As I prepare to celebrate our New England holiday of Thanksgiving, I’ve been reading quite a bit of Russell Kirk’s less-well known articles from the 1950s. One of my favorite has been one that appeared in the Georgia Review (1954).
Here are few tidbits from it. Kirk spoke as poignantly to his audience fifty-six years ago, as he does to us now.
Happy Thanksgiving, fellow conservatives. Enjoy the wisdom of a previous generation—specifically from a a man of Puritan background who converted to Catholicism in 1964.
All from: Russell Kirk, “The American Conservative Character,” The Georgia Review 8 (Fall 1954): 249-60.
“I am by no means happy, therefore, to find various journalists and critics, writing of the ‘New Conservatives’ in the United States—as if they were a coherent sect of political economists. The cardinal principle of conservative thought is the conviction that new systems and structures incline dangerously toward presumption; the true conservative wants no share in an undertaking that is wholly new.” [p. 249]
“I hope, then, that our resurgent American conservatism will not be truly new, looking toward a wave of the future, but rather a genuine revival of intelligent interest in the old liberties and duties of American society. I hope, moreover, that it will be not merely a shop-and-till conservatism, a conservatism of timidity, but instead a conservatism of imagination, generous and charitable. I hope it will not be a clumsy muddling through our national problems, in contempt of principle, but on the contrary a conservatism illuminated by the wisdom of our ancestors and inspired by a revived consciousness of the moral nature of society. We Americans were from the first a people endowed with strong conservative prejudices, immeasurably influenced y the spirit of religious veneration, firm in a traditional morality, hostile to arbitrary power whether exercised by a monarch or a mob, zealous to guard against centralization, sedulously eager to retain prescriptive rights, convinced of the immense value of the institution of private property. The best men in our political life, like Calhoun and like Lincoln, generally desired to be considered conservatives. . . . We have submitted ourselves with good will to the most successful conservative device in the history of politics, the Federal Constitution, so that it is not accident that we now constitute the chief conservative power among the nations.” [pg. 250]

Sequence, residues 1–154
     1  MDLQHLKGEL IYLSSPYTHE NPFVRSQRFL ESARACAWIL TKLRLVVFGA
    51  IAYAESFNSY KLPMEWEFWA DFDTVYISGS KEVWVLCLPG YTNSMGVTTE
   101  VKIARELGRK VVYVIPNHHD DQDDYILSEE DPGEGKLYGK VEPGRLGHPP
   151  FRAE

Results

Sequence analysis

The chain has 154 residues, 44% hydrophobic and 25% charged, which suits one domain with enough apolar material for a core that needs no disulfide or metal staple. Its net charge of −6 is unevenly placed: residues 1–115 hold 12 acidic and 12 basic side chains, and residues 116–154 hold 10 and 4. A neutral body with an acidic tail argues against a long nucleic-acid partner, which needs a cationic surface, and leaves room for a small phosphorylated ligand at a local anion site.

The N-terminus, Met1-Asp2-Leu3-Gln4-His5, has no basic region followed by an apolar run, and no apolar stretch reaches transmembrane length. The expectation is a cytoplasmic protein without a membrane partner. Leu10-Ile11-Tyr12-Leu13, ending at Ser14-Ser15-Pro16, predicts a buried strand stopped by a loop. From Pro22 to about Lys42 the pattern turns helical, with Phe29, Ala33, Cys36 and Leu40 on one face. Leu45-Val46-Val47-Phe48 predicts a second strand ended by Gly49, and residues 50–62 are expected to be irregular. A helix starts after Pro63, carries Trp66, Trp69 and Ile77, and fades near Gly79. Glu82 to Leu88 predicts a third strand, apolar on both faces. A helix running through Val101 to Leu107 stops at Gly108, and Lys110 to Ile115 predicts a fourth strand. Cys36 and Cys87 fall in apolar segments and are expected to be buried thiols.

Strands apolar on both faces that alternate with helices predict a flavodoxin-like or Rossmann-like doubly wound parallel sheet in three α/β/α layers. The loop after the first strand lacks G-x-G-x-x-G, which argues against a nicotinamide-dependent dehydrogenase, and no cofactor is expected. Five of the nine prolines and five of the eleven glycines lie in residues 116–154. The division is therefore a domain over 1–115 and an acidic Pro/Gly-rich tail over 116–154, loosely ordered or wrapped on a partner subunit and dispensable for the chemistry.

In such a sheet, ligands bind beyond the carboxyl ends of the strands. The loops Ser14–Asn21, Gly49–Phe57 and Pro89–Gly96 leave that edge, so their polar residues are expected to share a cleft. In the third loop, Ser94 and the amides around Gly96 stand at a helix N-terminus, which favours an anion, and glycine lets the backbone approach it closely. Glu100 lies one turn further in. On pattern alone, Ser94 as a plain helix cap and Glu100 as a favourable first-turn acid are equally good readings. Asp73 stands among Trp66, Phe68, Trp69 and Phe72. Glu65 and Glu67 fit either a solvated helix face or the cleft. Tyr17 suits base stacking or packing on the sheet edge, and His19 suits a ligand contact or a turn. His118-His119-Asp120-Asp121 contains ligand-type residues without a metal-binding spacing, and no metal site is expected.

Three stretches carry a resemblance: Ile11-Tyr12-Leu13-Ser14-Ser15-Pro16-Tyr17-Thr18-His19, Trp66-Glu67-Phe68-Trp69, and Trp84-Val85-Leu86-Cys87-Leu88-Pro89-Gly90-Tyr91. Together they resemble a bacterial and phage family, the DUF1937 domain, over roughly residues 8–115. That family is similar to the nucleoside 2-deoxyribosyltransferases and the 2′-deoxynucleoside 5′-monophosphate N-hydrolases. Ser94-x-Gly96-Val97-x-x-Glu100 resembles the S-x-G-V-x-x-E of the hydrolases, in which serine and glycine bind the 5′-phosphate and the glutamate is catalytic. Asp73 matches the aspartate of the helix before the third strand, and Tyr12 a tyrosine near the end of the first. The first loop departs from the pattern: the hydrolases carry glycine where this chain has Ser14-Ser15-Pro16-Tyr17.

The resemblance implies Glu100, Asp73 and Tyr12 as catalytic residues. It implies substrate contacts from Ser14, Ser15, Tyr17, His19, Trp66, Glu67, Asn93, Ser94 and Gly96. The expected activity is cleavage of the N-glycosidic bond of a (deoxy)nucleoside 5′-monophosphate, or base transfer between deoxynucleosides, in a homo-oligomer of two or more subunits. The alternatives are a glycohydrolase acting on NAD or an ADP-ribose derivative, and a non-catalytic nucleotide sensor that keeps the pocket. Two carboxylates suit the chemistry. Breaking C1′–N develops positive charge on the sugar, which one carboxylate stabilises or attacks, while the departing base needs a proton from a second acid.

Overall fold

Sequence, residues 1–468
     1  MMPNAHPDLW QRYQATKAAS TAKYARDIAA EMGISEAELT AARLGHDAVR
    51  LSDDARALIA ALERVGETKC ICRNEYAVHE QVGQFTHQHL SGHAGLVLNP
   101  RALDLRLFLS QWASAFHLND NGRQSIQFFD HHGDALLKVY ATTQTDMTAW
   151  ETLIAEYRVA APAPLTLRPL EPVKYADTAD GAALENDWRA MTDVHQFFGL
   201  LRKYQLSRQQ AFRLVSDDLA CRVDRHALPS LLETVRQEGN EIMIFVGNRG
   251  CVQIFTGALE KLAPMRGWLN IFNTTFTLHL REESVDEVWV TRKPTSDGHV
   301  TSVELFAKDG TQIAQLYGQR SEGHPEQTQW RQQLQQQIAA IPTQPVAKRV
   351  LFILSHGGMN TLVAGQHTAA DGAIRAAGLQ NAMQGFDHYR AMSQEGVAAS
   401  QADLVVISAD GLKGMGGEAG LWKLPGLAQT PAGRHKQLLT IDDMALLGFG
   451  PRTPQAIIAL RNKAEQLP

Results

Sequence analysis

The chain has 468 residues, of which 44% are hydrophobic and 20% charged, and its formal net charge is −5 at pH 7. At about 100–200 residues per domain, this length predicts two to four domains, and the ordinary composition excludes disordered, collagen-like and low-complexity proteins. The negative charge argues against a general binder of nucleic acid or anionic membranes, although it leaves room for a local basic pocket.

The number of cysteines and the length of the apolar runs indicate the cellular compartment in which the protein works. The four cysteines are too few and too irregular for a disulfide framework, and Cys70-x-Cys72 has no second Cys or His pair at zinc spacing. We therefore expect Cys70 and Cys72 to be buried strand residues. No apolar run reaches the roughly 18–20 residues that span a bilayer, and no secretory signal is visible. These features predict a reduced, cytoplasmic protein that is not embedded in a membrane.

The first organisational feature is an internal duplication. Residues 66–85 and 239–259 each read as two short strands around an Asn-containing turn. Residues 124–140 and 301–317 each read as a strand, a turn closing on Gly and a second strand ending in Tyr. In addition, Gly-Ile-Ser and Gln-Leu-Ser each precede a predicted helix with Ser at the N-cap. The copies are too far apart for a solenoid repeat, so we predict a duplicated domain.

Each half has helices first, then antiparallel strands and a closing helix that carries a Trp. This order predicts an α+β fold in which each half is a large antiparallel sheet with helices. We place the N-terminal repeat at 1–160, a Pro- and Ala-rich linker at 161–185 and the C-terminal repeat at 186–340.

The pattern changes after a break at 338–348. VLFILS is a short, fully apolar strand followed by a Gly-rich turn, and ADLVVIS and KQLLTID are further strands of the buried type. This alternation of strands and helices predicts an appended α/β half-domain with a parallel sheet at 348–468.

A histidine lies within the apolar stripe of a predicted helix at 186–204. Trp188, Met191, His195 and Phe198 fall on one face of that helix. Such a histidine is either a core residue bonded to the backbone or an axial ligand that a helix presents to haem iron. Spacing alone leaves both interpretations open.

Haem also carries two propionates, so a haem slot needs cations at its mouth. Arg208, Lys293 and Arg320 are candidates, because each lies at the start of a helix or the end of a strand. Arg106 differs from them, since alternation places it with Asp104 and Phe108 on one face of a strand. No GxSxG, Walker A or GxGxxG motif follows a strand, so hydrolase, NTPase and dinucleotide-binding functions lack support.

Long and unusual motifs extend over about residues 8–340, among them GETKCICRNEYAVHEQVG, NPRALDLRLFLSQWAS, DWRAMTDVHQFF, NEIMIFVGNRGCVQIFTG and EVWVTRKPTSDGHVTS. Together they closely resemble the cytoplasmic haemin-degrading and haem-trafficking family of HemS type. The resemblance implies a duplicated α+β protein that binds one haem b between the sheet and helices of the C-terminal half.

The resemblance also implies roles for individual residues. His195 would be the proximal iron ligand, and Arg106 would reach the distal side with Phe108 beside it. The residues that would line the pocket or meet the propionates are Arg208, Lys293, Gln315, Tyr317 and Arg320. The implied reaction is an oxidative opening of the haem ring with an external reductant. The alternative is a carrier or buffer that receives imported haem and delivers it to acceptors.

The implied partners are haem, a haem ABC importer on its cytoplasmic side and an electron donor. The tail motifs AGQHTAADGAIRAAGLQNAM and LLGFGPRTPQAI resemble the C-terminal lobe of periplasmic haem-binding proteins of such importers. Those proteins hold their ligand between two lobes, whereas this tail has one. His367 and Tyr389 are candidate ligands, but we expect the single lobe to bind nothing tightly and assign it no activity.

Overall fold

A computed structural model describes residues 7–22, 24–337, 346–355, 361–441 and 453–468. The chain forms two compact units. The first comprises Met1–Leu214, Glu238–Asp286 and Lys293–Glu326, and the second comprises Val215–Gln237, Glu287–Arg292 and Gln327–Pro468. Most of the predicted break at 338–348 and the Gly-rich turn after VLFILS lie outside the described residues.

“I do not really want a new conservatism, but rather an illumination and renewed recognition of the lofty conservative concepts and realities which have sustained our nation so long.” [pg. 250]
“The corruption of the meaning of important words has been one of the most ominous and confusion symptoms of the decay of the higher learning in our time. We can get nowhere in politics, or in any other field of endeavor, until we can define our terms.” [pg. 251]
“But Mr. Schlesinger believes that the New Conservatives—his term, not mine, for I do not think that there really is sufficient coherence of opinion and endeavor among our thinking conservatives to justify their being designated as a sect—suffer from impracticality and an historical confusion. . . . Mr. Schlesinger slips into the errors of the Jacobins—especially the Jacobin passion for simplicity. The dominant aspiration of the French revolutionaries was for simplicity of structure and concept; it was no mere coincidence that they detested gothic architecture. And Mr. Schlesinger, in his desire to reduce the complexity of American politics to black-and-white abstractions, lops away from his concept of the contesting forces in our country every branch or twig that does not suit his a priori system, so that when he has finished we are left with the Hard, Practical Industrialist confronting the Civil-Liberties, Democratic Liberal.” [pg. 252]
“. . . . and at last, after such a series of ingenious bounds, he leaves us with the interesting alternatives of serving Mammon or serving The People.”
“Conservatives are not merely a sect of political economists, but rather a number of persons, all of classes and occupations, whose view of life is reverential, and who tend to be guided by the wisdom of their ancestors, rather than by abstract speculation.” [pg. 253]
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